Most Effective Way to Train for Baseball Players...stop running and start lifting!!

Baseball is an explosive game and needs to be trained that way. Way too often I see coaches making their players run long distances to “get in shape”, but what are they getting in shape for? Don’t get me wrong, running is great…I love it, but “in shape” for baseball has a completely different meaning that doesn’t include the ability to run for 20 minutes at a time. Unless you DH and drop bombs EVERY at bat, you probably aren’t jogging many places on the baseball field. As a fielder, you don’t see the ball hit the bat and take off on a 10 minute jog to chase it down. As a hitter, you don’t hit one in the right-center gap and think “Man I wish I could work my mile time down to 6 minutes!” NO…you EXPLODE out of the box looking for 2, or even 3 for some of us. You EXPLODE laterally, forward, or back to track down the ball and make the play. As a pitcher, you EXPLODE off your back foot, down the mound toward the plate to pump that 93mph fastball by the hitter! Then you take a break. It’s less than 2 seconds of work and 20 seconds of rest depending on game situation. As a position player you may full out sprint up to 180 ft for a double (depending on your age and bases). Some of us will sprint up to 270ft on occasion for a triple or scoring from 1st on a gapper, but then you get a break. HOW IS RUNNING POLES OR LONG DISTANCES GOING TO HELP WITH THIS??? Your body adapts to the demands you put it through. If you consistently train slow, then when it comes time to perform you will perform slow. We need to get our baseball guys training EXPLOSIVELY with movements like sprinting, medicine ball throws, jumping, and pushing/pulling/lifting/carrying heavy things! (definition of heavy is relative to the person, never sacrifice form or technique to lift heavier).   With the proper training, your body will adapt to the demands of the sport and then you UNLEASH THE BEAST on the field!! Training the right way is now more important than ever. Guys are throwing harder, hitting for more power, and showcasing their speed on the bases like never before. To keep up with that standard, you have to be explosive. AND there is only one way to do that, TRAIN EXPLOSIVELY!


Performance training helps prepare our bodies and reduce injury risk

A recent discussion with a few youth baseball parents and coaches has inspired me to write this post. The discussion was on the topic of performance training for baseball players, more specifically youth baseball players. One comment was particularly powerful in my mind and is the true inspiration for this writing. The comment went something like this, I’m just not sure these kids have enough time to train. They have practice 3-4 nights per week, tournaments on the weekends, and that’s just 1 team, some are playing on multiple teams.

Here are a couple quick thoughts on this topic.

1)      My main concern regarding this statement is, “some are playing on multiple teams”. It is pretty well documented that playing on multiple teams is a huge contributing factor to youth baseball injuries ranging anywhere from shoulder/elbow soreness to fractures of the growth plate and/or ligamentous damage. We typically see fractures in the younger athletes (< 13) and ligamentous injuries in the older (> 13) but this can vary depending on the individual’s development. (I will save injury specifics for a later post). My first recommendation here would be to educate the parents about the risks involved with this and suggest they limit their child to only 1 team to help keep them safe and healthy. You can also refer them to this link,  which will give them the most up to date information on ways they can keep their youth baseball player on the field and out of the doctor’s office.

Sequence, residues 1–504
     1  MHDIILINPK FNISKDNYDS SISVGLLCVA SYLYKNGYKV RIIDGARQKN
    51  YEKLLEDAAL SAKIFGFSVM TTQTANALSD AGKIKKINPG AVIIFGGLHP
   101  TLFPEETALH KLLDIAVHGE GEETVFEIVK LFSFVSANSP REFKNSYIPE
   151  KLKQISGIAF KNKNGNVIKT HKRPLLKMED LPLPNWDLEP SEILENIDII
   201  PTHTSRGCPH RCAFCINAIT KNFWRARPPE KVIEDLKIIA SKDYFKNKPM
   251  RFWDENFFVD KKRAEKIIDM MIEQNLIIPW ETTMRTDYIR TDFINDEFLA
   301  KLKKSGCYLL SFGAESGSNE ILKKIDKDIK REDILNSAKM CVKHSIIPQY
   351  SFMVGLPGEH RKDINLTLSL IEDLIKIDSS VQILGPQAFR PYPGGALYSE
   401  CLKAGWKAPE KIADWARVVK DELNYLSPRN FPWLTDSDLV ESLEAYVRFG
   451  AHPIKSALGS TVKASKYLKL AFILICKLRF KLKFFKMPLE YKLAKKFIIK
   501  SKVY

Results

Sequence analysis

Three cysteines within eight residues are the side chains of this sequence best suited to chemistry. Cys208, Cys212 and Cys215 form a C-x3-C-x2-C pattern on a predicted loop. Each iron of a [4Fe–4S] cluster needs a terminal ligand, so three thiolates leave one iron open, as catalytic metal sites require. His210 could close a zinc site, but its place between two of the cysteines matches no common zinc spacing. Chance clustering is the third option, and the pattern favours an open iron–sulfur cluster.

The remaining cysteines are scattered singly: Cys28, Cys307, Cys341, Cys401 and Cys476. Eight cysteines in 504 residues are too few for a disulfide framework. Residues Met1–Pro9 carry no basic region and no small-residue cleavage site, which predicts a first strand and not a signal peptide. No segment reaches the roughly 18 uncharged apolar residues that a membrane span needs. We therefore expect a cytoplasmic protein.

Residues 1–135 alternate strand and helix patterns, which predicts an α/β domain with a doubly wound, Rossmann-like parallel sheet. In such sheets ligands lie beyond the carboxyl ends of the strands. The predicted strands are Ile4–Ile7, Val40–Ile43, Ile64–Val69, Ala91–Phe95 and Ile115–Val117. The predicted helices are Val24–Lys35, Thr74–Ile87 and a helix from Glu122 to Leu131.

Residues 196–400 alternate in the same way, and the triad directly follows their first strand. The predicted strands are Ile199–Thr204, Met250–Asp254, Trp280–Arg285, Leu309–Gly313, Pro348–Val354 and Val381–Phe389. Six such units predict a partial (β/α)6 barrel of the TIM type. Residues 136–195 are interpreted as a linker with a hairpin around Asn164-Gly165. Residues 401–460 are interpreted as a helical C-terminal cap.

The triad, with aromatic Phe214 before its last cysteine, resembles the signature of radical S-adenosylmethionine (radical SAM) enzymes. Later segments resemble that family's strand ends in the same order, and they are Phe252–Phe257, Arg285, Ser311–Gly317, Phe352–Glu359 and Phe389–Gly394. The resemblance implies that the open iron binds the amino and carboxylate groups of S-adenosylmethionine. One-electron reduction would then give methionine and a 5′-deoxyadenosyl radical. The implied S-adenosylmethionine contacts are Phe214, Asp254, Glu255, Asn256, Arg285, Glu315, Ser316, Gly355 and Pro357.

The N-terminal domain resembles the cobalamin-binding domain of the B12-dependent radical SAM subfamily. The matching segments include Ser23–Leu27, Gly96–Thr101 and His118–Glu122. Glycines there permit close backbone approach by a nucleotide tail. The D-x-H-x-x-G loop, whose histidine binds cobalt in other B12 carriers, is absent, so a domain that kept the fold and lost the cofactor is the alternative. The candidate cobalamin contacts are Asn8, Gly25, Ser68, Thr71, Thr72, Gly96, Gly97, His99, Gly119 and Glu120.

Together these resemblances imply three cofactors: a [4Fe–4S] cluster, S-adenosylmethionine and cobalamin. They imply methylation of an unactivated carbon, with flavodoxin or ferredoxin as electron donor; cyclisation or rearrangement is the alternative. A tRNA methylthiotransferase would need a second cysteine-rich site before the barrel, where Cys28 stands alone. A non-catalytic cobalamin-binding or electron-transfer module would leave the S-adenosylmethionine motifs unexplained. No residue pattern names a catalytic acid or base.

2)      I agree, that does sound like a very busy schedule. It certainly sounds like it would leave a parent wondering how they would fit training into that schedule. Here’s a thought, practice and game schedules have become extremely taxing on youth athletes, baseball in particular. Too many games, too much travel (causing poor sleeping habits as well as poor nutrition), too many throws, etc results in too much stress on our youth athletes and their “ill-prepared” bodies.

We, as parents and coaches, are pushing these young kids harder than ever before, but not giving them the tools to help them stay safe and perform at their best. The link above also points out several other contributing factors to injuries, including throwing when fatigued and lack of strength/mobility. I would urge parents, coaches, and players to play less and train more. We need to do a better job of preparing our youth athletes for the on-field demands and stresses. Keeping them active in a well rounded strength and conditioning program will give them the tools to stay healthy and perform at their best. Think quality over quantity. Some express concern in regard to reducing the on-field time as they feel it may limit their exposure to college/professional scouts. However, playing in twice as many games at 75% isn’t going to impress anyone. Making training a part of your weekly routine can help in so many ways. By improving your strength, power, mobility, and efficiency you ensure that each on-field exposure will be of high quality.

Thanks for reading. I hope you find this information useful. Be on the lookout for more great posts coming soon.